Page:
Analysis of the artifact indicates that it is probably a genuine article.

Given that it is a real sword buried inside a stone, a curious artifact at the Montesiepi Chapel in Siena, Italy, will be instantly recognizable to followers of the Arthurian legend and anyone who has seen Disney’s The Sword in the Stone. An examination of the artifact’s chemical composition indicates that it is most likely authentic and not a modern fake.

According to the sword’s history, Galgano Guidotti, a cunning warrior who was born in 1148 and later became a Catholic saint, used it. Galgano’s father passed away while he was a little child, according to the legend, which is largely based on the canonization procedure that occurred soon after his passing.

Galgano was a disobedient youngster who mixed with the wrong crowd. Today, that might be interpreted as drug users, but back then, it meant “very eagerly in internal wars led by local lords of Gherardesca, Pannocchieschi, and others, shedding the blood of his neighbors”.

A sword hilt, protruding from the stone.


The analysis confirmed it is from the right time period. Image credit: Fabio Gismondi/Flickr (CC BY-NC-SA 2.0)

Galgano carried on in this manner for many years, enjoying the brutality, but one day he lost control of his horse and experienced a religious insight, eventually converting to Christianity. He reportedly dumped his fiancée and started living as a loner, but visions kept pestering him to create his own hermitage.

According to legend, Galgano symbolically renounced his violent life by driving his old blade into the stone. According to some accounts of the narrative, it “yielded like butter” rather than acting like a rock, leaving the hilt sticking from the top and the tip sticking out the opposite end of the rock. The sword has stayed in the stone ever since, which is presently located inside the Rotunda in Siena, Tuscany.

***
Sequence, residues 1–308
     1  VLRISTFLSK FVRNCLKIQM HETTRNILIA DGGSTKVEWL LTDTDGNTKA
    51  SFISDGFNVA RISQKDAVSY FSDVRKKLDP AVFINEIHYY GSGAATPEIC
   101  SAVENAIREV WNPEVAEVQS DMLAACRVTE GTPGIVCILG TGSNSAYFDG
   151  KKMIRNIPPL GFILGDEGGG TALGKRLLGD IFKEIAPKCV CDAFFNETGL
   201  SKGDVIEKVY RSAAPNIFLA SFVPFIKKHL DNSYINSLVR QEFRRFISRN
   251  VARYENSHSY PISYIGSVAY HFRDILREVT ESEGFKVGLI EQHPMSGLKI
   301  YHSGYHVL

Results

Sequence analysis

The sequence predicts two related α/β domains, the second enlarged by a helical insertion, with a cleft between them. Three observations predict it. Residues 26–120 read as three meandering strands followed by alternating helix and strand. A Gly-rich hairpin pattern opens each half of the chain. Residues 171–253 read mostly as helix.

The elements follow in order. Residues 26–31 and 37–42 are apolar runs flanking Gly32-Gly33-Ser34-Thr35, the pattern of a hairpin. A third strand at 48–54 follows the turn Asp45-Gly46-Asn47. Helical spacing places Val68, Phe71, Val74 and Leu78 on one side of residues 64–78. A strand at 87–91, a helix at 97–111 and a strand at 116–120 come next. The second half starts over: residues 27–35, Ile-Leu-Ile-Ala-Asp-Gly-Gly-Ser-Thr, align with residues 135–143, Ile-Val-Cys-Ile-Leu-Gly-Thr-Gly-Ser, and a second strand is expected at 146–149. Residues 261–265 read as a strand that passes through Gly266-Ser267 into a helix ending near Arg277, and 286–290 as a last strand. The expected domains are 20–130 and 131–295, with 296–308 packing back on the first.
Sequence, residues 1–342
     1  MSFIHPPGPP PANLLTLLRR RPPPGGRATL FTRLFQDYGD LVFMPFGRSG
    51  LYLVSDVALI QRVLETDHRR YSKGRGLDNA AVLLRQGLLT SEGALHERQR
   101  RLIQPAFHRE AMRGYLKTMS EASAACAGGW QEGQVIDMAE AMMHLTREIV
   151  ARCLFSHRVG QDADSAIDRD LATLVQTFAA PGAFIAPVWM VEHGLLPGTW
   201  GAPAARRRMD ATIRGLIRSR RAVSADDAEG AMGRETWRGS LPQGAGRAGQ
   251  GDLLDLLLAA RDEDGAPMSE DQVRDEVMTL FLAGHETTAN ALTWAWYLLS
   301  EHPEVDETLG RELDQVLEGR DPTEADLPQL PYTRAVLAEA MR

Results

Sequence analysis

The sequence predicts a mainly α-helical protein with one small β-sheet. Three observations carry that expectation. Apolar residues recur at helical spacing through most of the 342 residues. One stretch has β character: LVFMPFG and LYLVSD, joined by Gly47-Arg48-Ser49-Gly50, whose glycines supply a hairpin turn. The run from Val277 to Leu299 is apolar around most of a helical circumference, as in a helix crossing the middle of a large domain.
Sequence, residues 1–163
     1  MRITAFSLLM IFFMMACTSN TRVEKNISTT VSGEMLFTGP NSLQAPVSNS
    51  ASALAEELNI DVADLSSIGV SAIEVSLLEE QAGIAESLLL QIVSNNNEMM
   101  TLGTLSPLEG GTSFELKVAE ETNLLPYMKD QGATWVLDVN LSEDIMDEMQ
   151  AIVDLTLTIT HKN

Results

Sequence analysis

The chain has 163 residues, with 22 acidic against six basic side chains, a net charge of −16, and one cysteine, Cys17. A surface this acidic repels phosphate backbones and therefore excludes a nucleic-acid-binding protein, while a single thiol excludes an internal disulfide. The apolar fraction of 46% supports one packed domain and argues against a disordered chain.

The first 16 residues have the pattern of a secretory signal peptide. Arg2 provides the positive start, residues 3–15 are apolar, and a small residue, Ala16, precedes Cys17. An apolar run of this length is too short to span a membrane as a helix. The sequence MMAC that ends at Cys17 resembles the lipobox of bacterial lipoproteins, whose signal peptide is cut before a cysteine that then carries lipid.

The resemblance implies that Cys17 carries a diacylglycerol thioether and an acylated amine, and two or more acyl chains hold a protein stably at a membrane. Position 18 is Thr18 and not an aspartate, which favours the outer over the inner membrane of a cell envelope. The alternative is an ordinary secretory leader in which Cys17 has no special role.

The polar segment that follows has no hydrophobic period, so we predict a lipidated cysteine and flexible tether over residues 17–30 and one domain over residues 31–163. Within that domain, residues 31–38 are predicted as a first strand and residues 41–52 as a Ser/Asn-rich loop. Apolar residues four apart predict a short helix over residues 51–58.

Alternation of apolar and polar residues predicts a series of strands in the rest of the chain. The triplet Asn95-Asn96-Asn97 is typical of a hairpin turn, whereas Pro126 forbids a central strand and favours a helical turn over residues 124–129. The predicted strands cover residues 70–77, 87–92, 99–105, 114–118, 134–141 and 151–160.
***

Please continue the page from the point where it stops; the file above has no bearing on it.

As absurd as it may sound, there is a slight twist in store for you in the form of scientific analysis. Chemist Luigi Garlaschelli analyzed the artifact in 2001 and dispelled the rumor that the sword was a recent fabrication by discovering a number of unexpected traits.

“The style of the sword is consistent with that of other similar weapons from the same time,” Garlaschelli wrote at the time, “we can even label it as a Xa-type sword, typical of the late twelfth century”.

Through a hole he dug in the rock, Garlaschelli was able to extract samples of the sword for examination.

“Although iron artifacts cannot be unequivocally dated,” he wrote, “the composition of the metal did not reveal that modern alloys had been used, and so it is fully compatible with a medieval origin”.

The sword’s authenticity as a genuine artifact from Galgano’s era was further supported by study.

“We compared the ‘fingerprints’ of trace elements within the sword’s metal with that of pieces of iron slag that can still be found around the great abbey of St. Galgano. This slag is the waste from the small foundries used by the monks to manufacture their small iron objects, using local iron ore,” Garlaschelli explained.

Even stranger, a pair of mummified arms held close to the sword that was supposedly those of criminals who had attempted to steal the stone before being killed by god were likewise carbon-dated to the 12th century. The sword’s blade and protruding hilt were found to be indistinguishable at the same time.

Beyond hazy legends that the stone miraculously transformed into butter, it is still unclear exactly how the sword got inside, which is bothersome.

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